Yes, we had exceptional month for all-electric car sales in Europe in May.
According to EagleAID, the total number of registrations in 17 countries regularly monitored amounted to 5,829. That's about 25% more than a year ago (while plug-in hybrids are growing even faster).
It seems also that after five months of 2015, total sales are more than 50% up compared to the previous year (over 32,500 BEVs compared to about 21,500):
"Europes rose-tinted May electric car story, when measured in percentage growth terms, clearly tells an upbeat tale. Thats chiefly because electric car registrations topped last years same month level by a quarter. Mays bounce brings the sectors five months gain to an outwardly impressive 51.8 per cent. Impressive headway by any measure"
Sales growth is so good that we are eager to hear why it's so weak. Fortunately, we always can count on the EagleAID to bring us down to earth:
"Expressed in cold statistics, there is more good news for the electric car industry.
Thats chiefly because in todays overall European car world, carmakers would count themselves lucky with just a fraction of the growth posted so far by electric cars.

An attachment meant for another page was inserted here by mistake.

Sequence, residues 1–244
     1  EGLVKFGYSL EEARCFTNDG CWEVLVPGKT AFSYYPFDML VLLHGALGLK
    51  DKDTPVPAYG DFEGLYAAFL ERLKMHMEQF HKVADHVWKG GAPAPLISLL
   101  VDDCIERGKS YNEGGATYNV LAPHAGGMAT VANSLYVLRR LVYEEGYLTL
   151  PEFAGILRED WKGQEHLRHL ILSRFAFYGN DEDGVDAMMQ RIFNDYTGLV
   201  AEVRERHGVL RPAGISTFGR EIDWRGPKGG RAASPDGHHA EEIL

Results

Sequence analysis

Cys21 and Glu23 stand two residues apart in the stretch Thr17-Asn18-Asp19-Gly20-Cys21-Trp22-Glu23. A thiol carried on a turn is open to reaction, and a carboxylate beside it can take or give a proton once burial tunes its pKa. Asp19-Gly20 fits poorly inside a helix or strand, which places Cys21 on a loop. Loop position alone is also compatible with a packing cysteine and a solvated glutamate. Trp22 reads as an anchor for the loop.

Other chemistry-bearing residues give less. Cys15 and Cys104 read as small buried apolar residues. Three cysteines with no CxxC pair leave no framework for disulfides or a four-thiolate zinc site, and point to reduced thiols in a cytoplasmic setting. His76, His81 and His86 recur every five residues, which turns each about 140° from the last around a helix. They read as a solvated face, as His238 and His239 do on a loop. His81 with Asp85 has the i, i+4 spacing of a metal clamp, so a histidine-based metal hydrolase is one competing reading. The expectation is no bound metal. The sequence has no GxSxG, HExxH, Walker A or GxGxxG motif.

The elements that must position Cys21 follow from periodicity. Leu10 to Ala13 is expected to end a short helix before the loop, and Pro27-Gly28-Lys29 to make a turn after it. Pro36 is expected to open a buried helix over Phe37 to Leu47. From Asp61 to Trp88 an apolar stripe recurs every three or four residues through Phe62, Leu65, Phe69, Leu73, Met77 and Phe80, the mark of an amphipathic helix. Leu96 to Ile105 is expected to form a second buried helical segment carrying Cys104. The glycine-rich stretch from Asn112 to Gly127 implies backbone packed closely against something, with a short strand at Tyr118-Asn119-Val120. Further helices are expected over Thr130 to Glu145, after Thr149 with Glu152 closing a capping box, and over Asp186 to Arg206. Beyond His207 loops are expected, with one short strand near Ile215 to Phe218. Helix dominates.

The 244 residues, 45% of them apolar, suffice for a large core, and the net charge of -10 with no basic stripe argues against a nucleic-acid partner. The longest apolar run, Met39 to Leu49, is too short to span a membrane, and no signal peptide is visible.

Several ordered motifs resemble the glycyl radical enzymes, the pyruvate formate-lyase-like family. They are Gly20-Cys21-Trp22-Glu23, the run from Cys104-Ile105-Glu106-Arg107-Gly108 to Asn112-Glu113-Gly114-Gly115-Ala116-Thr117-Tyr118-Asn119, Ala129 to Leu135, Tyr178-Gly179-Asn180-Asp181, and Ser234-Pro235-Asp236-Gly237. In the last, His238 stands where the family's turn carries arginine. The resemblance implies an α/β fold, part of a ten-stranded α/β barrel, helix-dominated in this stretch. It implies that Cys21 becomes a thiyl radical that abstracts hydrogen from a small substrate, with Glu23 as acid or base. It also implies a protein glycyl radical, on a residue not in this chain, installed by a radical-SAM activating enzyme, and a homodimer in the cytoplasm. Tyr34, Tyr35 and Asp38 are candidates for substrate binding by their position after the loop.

And yet, in sales volume terms, AIDs exclusive regular electric car sales data gives rise to an altogether more cautionary tale for anyone believing to spot the first signs of a slow-budding electric car sales spring on the immediate horizon."
"Mays West European electric car registration total 5,829 units for the 17 countries regularly monitored by AID draws a picture of an autoindustry segment that has yet to move above its long-held wallflower status.
Despite another month of strong double-digit growth, AIDs monthly progress report on the underlying health of West Europes electric car market still supports the unwavering view that so far earlier demand expectations have proved overly optimistic.
AIDs weather warning
The way the runes are read, and contrary to this year's outwardly sunny electric car sales picture, AIDs expert market observers are not alone in believing that todays strong tailwinds, chiefly in Norway, France and the UK for example - due almost entirely to mouthwatering financial incentives and sweetheart user conditions for would-be electric car buyers - are likely to turn into strong headwinds the minute these launch aids are dropped..."